While I'm sure this is something you've already considered, would it be possible to use Meaningful Volunteers as an organization that oriented volunteer efforts around connecting westerners with communities in an effort to aid and supplement pre-existing, locally organized and executed initiatives? That is to say, what if you turned volunteers into additional resources to ongoing community projects, rather than charging them with bringing some particular development project to a community, implementing it, and disbanding afterwards. What I'm envisioning is something along the lines of local community members submitting formal requests to Meaning Volunteers for the services of skilled laborers/volunteers for specific tasks. This would require communities to create (relatively) detailed plans for the projects they want to institute in advance and submitting those plans to Meaningful Volunteers, who would then serve as an intermediary between the community and volunteer community. These plans could include logistical outlines, budgets, practical schedules, required resource, etc., along with requests for people with certain skill sets. This could serve to both provide would-be volunteers with opportunities to do meaningful hands-on work, while simultaneously encouraging locals to develop more advanced or refined coordinating and logistical skills aimed at project design, development, and implantation. It would also give Meaningful Volunteers an opportunity to spread out their resources by facilitating development projects without necessarily spearheading them directly. Of course, this could only occur once an established relationship has been forged with a local communities and trustworthy, competent leaders have been discovered therein. Plus, there would need to be some means for ensuring quality control and making sure that tasks were indeed being carried out as planned. I'm picturing something like Kiva, but for hands-on volunteer work rather than micro loans (although, I know money is usually at the crux of the problem). Maybe the cost to volunteer could be factored into the proposals as the means of subsidizing the project. (I'm already seeing how complications could arise here: if communities receive a fixed amount of financing per person that they get to volunteer with them, they may try to get a lot of people to go simply to get more money, even if there wasn't actually anything for them to do.)

    Just a random Idea.

  2. Great ideas here, Malc. Definitely something that you can market to the IB organization, and I can help with that. There are companies doing a very similar idea to support "Week Without Walls" required in many schools, and so there are some models that you can peek at to see what is working and what you could improve upon. I will look through my files to see if I can find the names of the organizations. I can also give you a list of conferences that would be perfect places for pitching the concept to target school communities who would be keen on something like this. Many (most?) schools now have some component of service learning required, so this could definitely meet that need. Let's talk.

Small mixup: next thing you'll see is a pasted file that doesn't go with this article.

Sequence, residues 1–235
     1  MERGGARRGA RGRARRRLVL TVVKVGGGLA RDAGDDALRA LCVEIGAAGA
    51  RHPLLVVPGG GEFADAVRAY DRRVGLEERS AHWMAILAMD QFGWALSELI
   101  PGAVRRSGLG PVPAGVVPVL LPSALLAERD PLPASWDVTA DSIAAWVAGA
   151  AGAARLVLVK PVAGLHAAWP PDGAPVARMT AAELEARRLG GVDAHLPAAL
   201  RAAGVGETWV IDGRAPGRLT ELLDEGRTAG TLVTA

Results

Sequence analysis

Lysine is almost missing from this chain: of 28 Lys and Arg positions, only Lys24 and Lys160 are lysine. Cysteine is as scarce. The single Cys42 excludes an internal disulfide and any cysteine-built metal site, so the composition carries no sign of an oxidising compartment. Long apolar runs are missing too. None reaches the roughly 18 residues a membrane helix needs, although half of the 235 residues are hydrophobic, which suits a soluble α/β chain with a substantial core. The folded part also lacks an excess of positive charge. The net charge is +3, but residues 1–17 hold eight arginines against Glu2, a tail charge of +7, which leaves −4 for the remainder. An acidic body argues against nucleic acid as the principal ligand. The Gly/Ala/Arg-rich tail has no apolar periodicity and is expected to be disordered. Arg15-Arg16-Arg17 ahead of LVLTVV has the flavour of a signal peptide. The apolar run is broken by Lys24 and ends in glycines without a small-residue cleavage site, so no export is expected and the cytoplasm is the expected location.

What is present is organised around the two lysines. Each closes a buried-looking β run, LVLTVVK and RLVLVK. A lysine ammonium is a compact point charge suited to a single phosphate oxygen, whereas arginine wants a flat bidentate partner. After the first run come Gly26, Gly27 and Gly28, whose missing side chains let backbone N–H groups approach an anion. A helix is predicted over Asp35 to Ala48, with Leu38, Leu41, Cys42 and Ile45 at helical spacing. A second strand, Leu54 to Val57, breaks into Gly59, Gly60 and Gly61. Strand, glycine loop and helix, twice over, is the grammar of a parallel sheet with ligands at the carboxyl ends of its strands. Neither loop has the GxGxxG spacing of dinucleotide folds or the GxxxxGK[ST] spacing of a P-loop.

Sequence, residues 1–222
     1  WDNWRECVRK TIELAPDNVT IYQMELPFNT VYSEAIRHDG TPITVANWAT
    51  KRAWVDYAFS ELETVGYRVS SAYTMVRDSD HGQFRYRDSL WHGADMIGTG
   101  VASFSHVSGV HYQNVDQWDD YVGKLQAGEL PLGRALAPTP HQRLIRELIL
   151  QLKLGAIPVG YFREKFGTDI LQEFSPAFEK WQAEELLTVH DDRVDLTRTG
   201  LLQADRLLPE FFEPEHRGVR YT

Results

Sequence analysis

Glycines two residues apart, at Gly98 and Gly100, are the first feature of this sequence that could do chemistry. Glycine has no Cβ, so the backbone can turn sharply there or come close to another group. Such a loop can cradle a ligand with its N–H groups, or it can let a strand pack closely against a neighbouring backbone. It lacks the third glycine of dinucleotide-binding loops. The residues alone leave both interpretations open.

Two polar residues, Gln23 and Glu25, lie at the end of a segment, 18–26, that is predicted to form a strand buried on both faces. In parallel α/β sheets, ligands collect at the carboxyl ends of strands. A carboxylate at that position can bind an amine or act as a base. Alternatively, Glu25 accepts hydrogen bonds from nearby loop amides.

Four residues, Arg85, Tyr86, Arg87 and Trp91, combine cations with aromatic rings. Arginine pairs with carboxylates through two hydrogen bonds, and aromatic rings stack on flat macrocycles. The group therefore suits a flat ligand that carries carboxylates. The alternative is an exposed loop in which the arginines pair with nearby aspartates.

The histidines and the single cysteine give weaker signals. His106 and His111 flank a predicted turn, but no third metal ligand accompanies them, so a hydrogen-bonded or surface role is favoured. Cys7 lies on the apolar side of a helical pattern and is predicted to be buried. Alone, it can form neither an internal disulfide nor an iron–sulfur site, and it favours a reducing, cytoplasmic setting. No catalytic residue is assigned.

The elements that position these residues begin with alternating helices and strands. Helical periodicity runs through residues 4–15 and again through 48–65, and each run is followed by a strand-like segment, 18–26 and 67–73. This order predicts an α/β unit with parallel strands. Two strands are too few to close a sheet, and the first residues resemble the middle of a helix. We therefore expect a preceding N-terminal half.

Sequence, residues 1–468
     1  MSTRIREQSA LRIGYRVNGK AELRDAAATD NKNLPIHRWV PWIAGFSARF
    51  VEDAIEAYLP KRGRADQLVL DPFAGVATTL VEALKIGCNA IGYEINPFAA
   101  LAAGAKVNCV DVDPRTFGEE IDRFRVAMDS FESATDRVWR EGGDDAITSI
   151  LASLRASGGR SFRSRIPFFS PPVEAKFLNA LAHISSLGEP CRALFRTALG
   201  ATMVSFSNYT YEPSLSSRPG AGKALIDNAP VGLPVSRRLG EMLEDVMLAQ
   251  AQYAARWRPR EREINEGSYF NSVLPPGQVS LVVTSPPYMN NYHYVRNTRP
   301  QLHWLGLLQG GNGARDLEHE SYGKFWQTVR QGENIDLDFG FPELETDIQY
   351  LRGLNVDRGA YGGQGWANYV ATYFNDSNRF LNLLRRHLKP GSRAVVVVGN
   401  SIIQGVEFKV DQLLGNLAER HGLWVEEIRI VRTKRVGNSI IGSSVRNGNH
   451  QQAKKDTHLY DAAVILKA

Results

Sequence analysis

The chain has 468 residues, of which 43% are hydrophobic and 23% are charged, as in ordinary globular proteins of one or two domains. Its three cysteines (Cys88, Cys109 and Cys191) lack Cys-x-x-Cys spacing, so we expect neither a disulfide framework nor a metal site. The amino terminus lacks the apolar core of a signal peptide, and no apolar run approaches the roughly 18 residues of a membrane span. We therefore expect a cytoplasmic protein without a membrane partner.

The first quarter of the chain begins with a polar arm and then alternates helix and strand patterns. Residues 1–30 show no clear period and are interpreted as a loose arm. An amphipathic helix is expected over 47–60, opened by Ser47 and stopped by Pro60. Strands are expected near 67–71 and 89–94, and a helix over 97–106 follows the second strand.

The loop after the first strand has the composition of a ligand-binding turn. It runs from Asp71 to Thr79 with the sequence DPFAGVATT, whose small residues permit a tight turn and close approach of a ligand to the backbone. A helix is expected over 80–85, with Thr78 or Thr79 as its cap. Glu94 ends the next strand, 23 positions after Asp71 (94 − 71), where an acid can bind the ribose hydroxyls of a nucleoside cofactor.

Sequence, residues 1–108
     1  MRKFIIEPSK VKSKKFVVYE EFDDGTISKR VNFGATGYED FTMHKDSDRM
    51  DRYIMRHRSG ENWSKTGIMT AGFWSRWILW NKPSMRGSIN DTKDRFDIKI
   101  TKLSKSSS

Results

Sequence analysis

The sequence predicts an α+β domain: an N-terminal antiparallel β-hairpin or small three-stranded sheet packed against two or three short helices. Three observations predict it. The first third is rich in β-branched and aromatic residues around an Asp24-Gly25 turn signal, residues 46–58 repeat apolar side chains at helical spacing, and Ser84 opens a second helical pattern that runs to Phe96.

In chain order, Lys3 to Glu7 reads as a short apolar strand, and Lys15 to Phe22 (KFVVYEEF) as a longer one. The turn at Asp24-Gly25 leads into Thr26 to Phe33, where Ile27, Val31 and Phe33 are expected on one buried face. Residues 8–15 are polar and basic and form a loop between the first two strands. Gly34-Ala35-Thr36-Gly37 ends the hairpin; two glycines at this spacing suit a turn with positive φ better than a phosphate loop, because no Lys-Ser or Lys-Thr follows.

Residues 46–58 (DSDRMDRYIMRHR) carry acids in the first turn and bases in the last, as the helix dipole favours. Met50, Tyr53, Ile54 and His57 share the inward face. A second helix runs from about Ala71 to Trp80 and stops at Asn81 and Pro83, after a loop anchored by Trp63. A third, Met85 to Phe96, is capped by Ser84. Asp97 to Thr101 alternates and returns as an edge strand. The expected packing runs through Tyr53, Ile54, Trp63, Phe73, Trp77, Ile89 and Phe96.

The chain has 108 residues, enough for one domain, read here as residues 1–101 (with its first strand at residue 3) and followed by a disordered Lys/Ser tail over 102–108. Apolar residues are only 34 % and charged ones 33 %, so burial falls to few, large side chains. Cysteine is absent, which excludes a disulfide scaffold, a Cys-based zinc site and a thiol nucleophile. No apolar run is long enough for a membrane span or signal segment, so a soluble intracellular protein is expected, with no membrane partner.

3. (this is from Heather. She can't post it form her computer for some reason. I underline everything she says)

    Hey Tim! Thanks for the suggestions. You're absolutely spot-on in suggesting that communities be able to direct the course of development. That already occurs to a large extent with MV's projects. In Buyaya, Esther (the regional manager) is basically in charge of developing off of the basic infrastructure that MV put in with the school, the preschool program, etc. She tells Malcolm what they need, and the organization does its best to accommodate. The same happened in the Philippines, where Malcolm went in and basically got feedback from the community about what they needed. However, after reading your comments, we both agreed that the idea of creating a formalized process for requesting projects was a fantastic idea.

    In terms of volunteers being brought over for specific projects, it's a bit tricky. First, aside from skills exchange (bringing in skills such as tech/computer skills, craft skills, English language, etc.), most of what needs to be done in the projects can be done by the local community. And, of course, there are possible issues with (as you alluded to) financial corruption. We are thinking of moving things into a direction where the volunteerism really isn't a central part of it. One possibility is to establish a charitable organization through which funds for building schools could be funnelled.

    Anywho, some possibilities out there. Really, really nice to read your thoughtful insights and suggestions!! Keep 'em coming.

  4. That's awesome Erin! Thanks so much.

    Errr.. what are IB Schools?

    Is skyping an option? We have quite good bandwidth here in Nepal. Heather, Megin and I could have a online talk about this.